Archive for Ambrose Bierce

Le Clair-Obscur

Posted in FILM with tags , , , , , on July 26, 2013 by dcairns

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On the subject of put-downs, Ambrose Bierce observed that “for every man, there is something in the vocabulary that would stick to him like a second skin. His enemies have only to find it.”

Over at the first fortnightly edition of The Forgotten, we encounter a filmmaker who was memorably re-christened by an opponent in just that fashion. So successfully was he insulted that I encountered the insult long before I saw a single frame he shot.

Thanks to Lenny Borger for telling me about the insult.

Ribbeting

Posted in FILM, literature, MUSIC with tags , , , , , , , on January 11, 2012 by dcairns

Robert Enrico is best known, I guess, for his adaptation of Ambrose Bierce’s An Occurrence at Owl Creek Bridge, entitled LA RIVIERE DU HIBOU — this was adopted by Rod Serling’s The Twilight Zone and screened in a truly appalling copy, ruining some of the loveliest b&w cinematography you’ll ever see. It’s also part of a trilogy of adaptations of Bierce’s macabre Civil War stories by Enrico, otherwise comprising versions of The Mockingbird and the horrifying Chickamauga, equally fine.

LA REDEVANCE DU FANTOME is a TV episode by Enrico, based closely on Henry James’ A Ghostly Rental — Enrico evokes the “spiritual blight” hanging over an abandoned house by way of an electronically enhanced frogs’ chorus of ribbets and chirrups. Splendidly eerie. Presumably in an effort to fill a time slot, he drags every scene out to breaking point, alas, giving even the viewer unfamiliar with his source plenty of time to figure out the Scooby Doo twist, but there are splendid moments along the way, and Marie Laforet sings us out — here is your daily allotment of the sublime. Do not exceed the stated dose.

NB — this is, technically, a spoiler, I suppose, since it’s the end of the film. But it’s not a narrative spoiler, imho.

Marie Laforet — if you have enjoyed this, check out her version of Paint It Black on TousTube.

And buy her stuff — 1963-1969

Occurrence

Posted in FILM, literature, Television with tags , , , , , , , , , , , , , , on August 23, 2011 by dcairns

Untitled from David Cairns on Vimeo.

To be honest, I’m not so much surprised that Ambrose Bierce’s work has inspired so many filmmakers, as I am surprised that it hasn’t inspired more. I guess the fact that he eschewed long form storytelling (as a matter of principle, to hear him tell it) is a factor, but so for the most part did Poe and Lovecraft, who are much more frequently filmed. I can’t account for that.

An Occurrence at Owl Creek Bridge was most famously adapted by Robert Enrico, and the resulting short became, somehow or other, an episode of The Twilight Zone, exposing it to a much wider audience that Enrico’s other two Bierce films, CHICKAMAUGA and THE MOCKINGBIRD. But for my money, Charles Vidor’s version, entitled THE BRIDGE, is much much better.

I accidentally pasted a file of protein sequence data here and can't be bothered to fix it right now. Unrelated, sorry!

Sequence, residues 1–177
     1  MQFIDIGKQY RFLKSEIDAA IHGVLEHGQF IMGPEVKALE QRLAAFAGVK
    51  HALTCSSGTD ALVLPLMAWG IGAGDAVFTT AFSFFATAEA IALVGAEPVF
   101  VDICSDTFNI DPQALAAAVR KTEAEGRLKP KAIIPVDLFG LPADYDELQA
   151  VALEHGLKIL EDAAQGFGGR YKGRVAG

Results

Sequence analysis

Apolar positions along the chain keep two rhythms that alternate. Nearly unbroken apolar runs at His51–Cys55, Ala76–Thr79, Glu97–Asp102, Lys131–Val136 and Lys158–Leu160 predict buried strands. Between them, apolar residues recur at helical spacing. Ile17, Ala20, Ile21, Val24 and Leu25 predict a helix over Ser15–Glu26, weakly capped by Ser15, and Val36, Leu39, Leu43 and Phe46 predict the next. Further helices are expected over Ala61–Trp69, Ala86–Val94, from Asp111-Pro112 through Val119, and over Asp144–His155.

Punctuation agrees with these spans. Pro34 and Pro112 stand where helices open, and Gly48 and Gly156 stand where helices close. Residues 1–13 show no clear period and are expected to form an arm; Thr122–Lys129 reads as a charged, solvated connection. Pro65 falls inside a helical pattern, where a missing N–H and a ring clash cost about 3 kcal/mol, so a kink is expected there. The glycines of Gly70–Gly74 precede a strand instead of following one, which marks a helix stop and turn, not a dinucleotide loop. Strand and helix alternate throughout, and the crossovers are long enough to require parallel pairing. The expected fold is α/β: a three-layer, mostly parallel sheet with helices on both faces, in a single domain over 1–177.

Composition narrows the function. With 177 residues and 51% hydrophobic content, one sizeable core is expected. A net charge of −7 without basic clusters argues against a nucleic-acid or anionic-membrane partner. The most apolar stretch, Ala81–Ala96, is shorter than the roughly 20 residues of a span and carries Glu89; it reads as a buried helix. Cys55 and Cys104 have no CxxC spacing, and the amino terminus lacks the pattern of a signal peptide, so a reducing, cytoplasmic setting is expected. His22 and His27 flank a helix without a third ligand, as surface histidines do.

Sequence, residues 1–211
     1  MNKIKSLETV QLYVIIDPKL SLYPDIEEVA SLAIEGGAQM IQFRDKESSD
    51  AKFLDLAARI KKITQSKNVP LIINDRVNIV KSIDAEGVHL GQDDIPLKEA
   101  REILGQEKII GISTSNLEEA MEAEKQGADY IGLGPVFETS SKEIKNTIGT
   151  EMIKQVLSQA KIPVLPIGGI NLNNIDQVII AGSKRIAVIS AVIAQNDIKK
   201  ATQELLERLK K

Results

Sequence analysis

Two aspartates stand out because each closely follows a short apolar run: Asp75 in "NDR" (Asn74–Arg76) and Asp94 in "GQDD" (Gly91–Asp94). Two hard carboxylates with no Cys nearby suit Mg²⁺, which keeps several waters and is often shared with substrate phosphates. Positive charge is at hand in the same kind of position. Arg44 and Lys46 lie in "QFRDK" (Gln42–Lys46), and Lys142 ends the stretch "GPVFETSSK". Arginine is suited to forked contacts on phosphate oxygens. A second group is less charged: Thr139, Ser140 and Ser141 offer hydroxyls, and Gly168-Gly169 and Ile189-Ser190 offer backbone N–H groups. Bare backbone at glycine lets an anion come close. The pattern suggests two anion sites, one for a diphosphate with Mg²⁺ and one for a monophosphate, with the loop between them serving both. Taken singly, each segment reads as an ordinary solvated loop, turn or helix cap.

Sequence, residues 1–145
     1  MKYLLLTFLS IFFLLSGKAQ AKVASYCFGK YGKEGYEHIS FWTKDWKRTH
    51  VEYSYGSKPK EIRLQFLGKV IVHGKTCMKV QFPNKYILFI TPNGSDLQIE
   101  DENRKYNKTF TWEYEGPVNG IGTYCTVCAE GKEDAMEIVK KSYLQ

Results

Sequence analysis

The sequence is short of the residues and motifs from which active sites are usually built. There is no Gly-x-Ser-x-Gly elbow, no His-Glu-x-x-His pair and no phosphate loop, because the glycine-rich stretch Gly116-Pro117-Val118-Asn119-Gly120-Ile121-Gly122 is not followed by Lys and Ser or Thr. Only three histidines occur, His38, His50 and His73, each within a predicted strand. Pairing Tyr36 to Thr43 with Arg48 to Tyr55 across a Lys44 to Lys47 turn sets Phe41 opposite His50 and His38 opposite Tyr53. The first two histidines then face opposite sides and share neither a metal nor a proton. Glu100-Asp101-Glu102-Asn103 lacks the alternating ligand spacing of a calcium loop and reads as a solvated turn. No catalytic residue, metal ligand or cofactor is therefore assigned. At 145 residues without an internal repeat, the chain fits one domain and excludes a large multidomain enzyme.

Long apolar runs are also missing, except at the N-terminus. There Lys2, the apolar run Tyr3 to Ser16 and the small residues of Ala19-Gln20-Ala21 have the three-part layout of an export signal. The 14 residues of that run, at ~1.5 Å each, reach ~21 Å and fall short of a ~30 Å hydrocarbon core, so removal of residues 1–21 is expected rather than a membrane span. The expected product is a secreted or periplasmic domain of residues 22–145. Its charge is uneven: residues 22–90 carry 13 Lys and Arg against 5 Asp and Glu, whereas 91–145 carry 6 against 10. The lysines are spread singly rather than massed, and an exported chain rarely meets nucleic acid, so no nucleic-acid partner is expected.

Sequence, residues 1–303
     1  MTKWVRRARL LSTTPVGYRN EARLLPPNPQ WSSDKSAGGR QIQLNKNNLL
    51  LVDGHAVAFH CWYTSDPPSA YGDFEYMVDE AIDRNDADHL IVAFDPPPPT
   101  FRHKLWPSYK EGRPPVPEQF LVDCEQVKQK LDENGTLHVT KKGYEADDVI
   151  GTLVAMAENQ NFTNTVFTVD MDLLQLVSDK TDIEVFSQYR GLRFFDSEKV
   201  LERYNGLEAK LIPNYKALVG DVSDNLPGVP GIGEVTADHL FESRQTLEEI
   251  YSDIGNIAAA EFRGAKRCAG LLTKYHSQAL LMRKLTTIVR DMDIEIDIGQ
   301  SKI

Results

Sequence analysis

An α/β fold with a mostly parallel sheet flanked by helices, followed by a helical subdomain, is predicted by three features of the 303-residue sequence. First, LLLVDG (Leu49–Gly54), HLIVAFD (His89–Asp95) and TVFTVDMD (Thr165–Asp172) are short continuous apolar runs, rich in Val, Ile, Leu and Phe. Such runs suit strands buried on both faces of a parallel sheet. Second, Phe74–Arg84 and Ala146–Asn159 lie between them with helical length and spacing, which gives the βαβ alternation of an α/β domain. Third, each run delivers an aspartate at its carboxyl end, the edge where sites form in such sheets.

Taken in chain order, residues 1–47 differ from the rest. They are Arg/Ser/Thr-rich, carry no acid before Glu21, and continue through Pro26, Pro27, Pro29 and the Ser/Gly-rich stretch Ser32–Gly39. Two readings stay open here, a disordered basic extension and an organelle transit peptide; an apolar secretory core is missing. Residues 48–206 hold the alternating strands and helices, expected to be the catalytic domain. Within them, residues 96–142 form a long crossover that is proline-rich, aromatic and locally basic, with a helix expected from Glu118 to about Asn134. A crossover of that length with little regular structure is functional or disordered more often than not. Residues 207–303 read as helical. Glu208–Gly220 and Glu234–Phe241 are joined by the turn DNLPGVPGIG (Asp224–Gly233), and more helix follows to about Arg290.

It’s available on the extraordinary box set UNSEEN CINEMA, which you should all immediately buy.

The bit that really grabs me, in a film full of fascinating visual ideas, is the superimposition of the drumsticks beating the skin over the hero’s chest. Two images united to create more than one idea and emotion — by showing the drum and the man at the same time, anticipation is heightened, but the beating of the drum comes to stand for the racing of the man’s heartbeat, evoking something a silent film can’t make you hear, or feel. That’s CLEVER.

Some imaginative trope of that kind was surely required when Tony Scott filmed ONE OF THE MISSING, another of Bierce’s Civil War horror stories, but although he pulls off some good angles and generates a fair bit of suspense (you can see this short on the CINEMA 16 collection) he never gets near evoking the striking passage in Bierce’s tale where the soldier, trapped by rubble with his fallen rifle pointing straight at his head, primed and ready to fire, imagines the sensation of the bullet passing slowly through his brain…

Vidor really displays moments of similar zest in GILDA (the giant dice in the opening shot) and I guess in COVER GIRL, also LADIES IN RETIREMENT and BLIND ALLEY. When the project roused his enthusiasm, he was quite an expressionist.

Further reading: The Complete Short Stories of Ambrose Bierce

Of course, Bierce’s The Devil’s Dictionaryis wickedly funny, but less known than either his supernatural tales and his war stories are his grotesque, jet-black tall tales, which are quite incredibly sick and extremely amusing.

Further further reading: more from me at Limerwrecks here, here and here. What rhymes with TINGLER?

Further viewing: Unseen Cinema – Early American Avant Garde Film 1894-1941 An amazing treasure trove of obscure fragments of wonderment.